In order to better track my various cultural experiences (e.g., movies, TV shows, books, restaurants), I’ve created the Cultural Diet. Think of it as my own personal Goodreads, Letterboxd, and Yelp, all rolled into one (more info here). Every month, I recap everything that I watched, read, etc., in the previous month.
There’s a lot to like about Gideon Falls, right up until the final page. Jeff Lemire’s storyline blends horror, philosophy, sci-fi, small town mystery, and family drama as the characters try to solve the mystery of the Black Barn, a bizarre structure that holds the secrets of the universe — and possibly all of its terrors, too. Andrea Sorrentino’s artwork is phenomenal, with a sense of scope and style that perfectly matches Lemire’s storyline even at its most bizarre and trippy. There were several spreads that almost took my breath away, and several visuals that were delightful in their meta-ness. It’s a shame, then, that Gideon Falls’ ends on a cliché that probably seemed clever, but it really just feels like a narrative copout compared to the sense of ambition on display in the preceding pages.
The mine cart chase sequence is an action movie classic and Ke Huy Quan is a delight as the plucky, resourceful Short Round. Unfortunately, watching Temple of Doom so soon after the near-perfect Raiders of the Lost Ark mainly reveals its weaknesses. Namely, Temple feels slapped together, with Indy and his companions finding themselves in remote India (after an assassination attempt goes awry) and tasked with retrieving a sacred stone from an evil cult. Raiders certainly had its fair share of ickiness but Temple feels unnecessarily grim and its Orientalism (e.g., the monkey brains scene) is rather off-putting nowadays. That, and Willie Scott is no Marion Ravenwood. Kate Capshaw and Harrison Ford have very little chemistry, which makes their interactions consistently annoying.
Neil Gaiman brings the story of Morpheus, King of Dreams, to an end following the events of Volume 9. Functionally, it’s all about Gaiman tying up loose ends and various narrative threads that popped up throughout the series, from Morpheus’ immortal friend to his unique bond with a certain Elizabethan playwright to the fates of certain characters who have been in his bad graces. My favorite storyline, however, focuses an exiled Chinese sage and his brush with the world of dreams. Having finished all of the Sandman volumes, it’s easy to see why they’re held in such high regard; they’re a truly unique achievement, comic book or otherwise. That said, I admit to feeling somewhat underwhelmed. There were definitely parts that I found beautiful, thought-provoking, and moving. There were other parts, however, that dragged or were otherwise indulgent.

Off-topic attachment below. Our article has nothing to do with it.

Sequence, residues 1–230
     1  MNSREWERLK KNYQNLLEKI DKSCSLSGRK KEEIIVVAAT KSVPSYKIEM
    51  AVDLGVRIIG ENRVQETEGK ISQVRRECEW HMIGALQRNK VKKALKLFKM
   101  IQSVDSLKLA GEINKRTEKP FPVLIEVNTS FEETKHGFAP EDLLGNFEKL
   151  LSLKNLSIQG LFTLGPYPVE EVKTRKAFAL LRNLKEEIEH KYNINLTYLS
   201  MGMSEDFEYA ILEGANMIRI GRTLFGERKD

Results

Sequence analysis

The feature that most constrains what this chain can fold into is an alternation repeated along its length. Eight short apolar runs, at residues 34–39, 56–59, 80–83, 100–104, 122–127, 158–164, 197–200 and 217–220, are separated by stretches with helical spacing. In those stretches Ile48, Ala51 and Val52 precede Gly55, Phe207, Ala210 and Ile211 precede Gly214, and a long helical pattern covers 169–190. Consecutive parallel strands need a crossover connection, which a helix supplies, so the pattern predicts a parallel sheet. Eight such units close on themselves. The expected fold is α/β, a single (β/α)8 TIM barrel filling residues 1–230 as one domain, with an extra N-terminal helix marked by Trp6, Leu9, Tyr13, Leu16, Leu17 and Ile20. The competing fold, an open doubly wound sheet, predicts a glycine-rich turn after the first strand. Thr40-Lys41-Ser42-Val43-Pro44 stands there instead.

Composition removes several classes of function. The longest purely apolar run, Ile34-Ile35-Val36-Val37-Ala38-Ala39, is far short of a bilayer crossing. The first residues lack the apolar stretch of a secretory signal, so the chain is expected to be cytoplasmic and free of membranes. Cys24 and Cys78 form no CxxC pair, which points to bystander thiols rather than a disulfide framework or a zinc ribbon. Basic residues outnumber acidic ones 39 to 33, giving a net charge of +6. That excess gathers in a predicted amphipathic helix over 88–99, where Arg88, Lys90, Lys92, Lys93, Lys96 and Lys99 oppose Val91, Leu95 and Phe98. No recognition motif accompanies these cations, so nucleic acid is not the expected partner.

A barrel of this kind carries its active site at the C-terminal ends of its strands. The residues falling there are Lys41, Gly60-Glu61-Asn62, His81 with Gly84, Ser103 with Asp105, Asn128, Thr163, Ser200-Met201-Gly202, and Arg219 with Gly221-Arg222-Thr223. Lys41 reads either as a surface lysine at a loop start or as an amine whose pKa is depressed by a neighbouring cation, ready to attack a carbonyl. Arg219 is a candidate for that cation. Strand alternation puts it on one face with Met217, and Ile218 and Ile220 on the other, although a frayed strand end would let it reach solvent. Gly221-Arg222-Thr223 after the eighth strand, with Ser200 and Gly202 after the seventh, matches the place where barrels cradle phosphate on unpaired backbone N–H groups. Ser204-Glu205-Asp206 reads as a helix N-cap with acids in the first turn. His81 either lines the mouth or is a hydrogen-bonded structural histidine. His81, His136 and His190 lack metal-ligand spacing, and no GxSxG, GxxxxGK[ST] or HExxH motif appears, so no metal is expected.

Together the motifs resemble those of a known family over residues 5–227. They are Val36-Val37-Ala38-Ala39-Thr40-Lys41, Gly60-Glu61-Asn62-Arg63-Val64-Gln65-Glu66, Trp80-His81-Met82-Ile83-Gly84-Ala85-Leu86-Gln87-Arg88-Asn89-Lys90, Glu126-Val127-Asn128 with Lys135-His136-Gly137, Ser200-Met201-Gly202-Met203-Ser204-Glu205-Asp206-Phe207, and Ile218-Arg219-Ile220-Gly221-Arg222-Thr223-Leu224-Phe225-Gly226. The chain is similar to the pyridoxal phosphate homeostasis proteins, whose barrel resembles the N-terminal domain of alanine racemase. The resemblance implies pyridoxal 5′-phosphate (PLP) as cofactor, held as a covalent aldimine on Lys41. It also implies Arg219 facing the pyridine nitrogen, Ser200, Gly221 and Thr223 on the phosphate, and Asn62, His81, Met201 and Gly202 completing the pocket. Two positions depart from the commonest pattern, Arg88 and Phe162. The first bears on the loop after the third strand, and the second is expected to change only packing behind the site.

I liked this one better than the original Zeiram. It still has all of the original’s flaws — namely, annoying hijinks from the heroine’s bumbling companions. And even worse, she has a third bumbling companion this time around. But there were several moments that had me cackling with glee (such as when our heroine, an alien bounty hunter named Iria, roundhouse kicks a laser blast into a building behind her, which promptly explodes). As with the original movie, I’d love to see a more serious take on Zeiram minus the goofy humor that, instead, focuses on the body horror, monster designs, and cool alien gadgets.
I started watching this thinking it was 1986’s Royal Warriors, a “modern” police action film that also stars Michelle Yeoh and was also directed by David Chung. But here, Yeoh plays a pilot and smuggler in 1930s-era China who gets caught up in the anti-Japanese resistance. Action-wise, this has some pretty impressive sequences that really allow Yeoh to show off, especially with the rope dart. However, the film’s hampered by an uneven tone. One minute, it seems to want to be a serious, patriotic, even epic war film. The next, it’s an Indiana Jones-esque adventure film or a broad slapstick comedy involving mistaken identities and corny Richard Ng hijinks. As a result, it ends up being something of a mess.
The most ambitious Sandman volume to date, with Neil Gaiman wrapping up several storylines from previous volumes as Morpheus is forced to finally confront his past sins and mistakes, and the impact that they’re having on his realm. It is a bit odd to read a comic series that is clearly self-contained, especially given that we live in an age of nigh-endless sequels, reboots, retcons. As a result, there’s a truly tragic and melancholy bent to Gaiman’s storyline, as Morpheus moves towards the inevitable end. But there are plenty of little details and side stories woven in, as well.
I was a bit cool on this volume at first, with its disjointed stories told by a group of travelers — some of whom are human, some of whom are not — trapped in a mysterious inn during a “reality storm.” But it really grew on me as it continued. In some ways, this volume really feels like Neil Gaiman flexing his storytelling muscles, be it a bizarre seafaring tale or a story from a death-obsessed city of morticians. Given that Morpheus, Lord of Dreams, only shows up in glorified cameos, Worlds’ End can feel particularly distant from the central Sandman mythos, but that doesn’t make it any less enjoyable.
There’s not a lot to be said about Raiders of the Lost Ark that hasn’t been said before, and by people a lot smarter than me. The film is a timeless action-adventure classic, and for very good reason. One thing I did pay more attention to during this viewing was the film’s directing and cinematography, be it the use of extreme focus or shadows to heighten tension and make certain scenes even more intense and epic. Also, the editing and pacing is immaculate; the film’s almost two hours long and it doesn’t contain a single wasted moment.